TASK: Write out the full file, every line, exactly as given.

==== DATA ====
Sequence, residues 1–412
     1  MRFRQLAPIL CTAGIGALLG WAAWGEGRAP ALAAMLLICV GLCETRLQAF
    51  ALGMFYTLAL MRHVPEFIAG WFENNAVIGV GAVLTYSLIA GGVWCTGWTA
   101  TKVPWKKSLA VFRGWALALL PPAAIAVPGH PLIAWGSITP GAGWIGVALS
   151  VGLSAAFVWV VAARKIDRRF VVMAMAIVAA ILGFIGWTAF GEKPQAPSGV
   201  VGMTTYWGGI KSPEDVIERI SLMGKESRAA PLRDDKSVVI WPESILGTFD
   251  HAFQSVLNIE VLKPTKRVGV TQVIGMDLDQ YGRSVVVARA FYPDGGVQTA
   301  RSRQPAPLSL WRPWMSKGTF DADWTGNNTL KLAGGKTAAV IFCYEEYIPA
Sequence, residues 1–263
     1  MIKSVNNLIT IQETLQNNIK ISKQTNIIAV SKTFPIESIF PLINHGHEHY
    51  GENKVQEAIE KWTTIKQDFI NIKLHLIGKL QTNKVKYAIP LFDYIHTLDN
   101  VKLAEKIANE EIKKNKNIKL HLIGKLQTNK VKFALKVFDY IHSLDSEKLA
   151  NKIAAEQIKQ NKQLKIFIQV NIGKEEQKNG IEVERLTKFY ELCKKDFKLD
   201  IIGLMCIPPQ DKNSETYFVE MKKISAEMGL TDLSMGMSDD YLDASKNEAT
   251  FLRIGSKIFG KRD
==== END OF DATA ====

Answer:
Sequence, residues 1–412
     1  MRFRQLAPIL CTAGIGALLG WAAWGEGRAP ALAAMLLICV GLCETRLQAF
    51  ALGMFYTLAL MRHVPEFIAG WFENNAVIGV GAVLTYSLIA GGVWCTGWTA
   101  TKVPWKKSLA VFRGWALALL PPAAIAVPGH PLIAWGSITP GAGWIGVALS
   151  VGLSAAFVWV VAARKIDRRF VVMAMAIVAA ILGFIGWTAF GEKPQAPSGV
   201  VGMTTYWGGI KSPEDVIERI SLMGKESRAA PLRDDKSVVI WPESILGTFD
   251  HAFQSVLNIE VLKPTKRVGV TQVIGMDLDQ YGRSVVVARA FYPDGGVQTA
   301  RSRQPAPLSL WRPWMSKGTF DADWTGNNTL KLAGGKTAAV IFCYEEYIPA
Sequence, residues 1–263
     1  MIKSVNNLIT IQETLQNNIK ISKQTNIIAV SKTFPIESIF PLINHGHEHY
    51  GENKVQEAIE KWTTIKQDFI NIKLHLIGKL QTNKVKYAIP LFDYIHTLDN
   101  VKLAEKIANE EIKKNKNIKL HLIGKLQTNK VKFALKVFDY IHSLDSEKLA
   151  NKIAAEQIKQ NKQLKIFIQV NIGKEEQKNG IEVERLTKFY ELCKKDFKLD
   201  IIGLMCIPPQ DKNSETYFVE MKKISAEMGL TDLSMGMSDD YLDASKNEAT
   251  FLRIGSKIFG KRD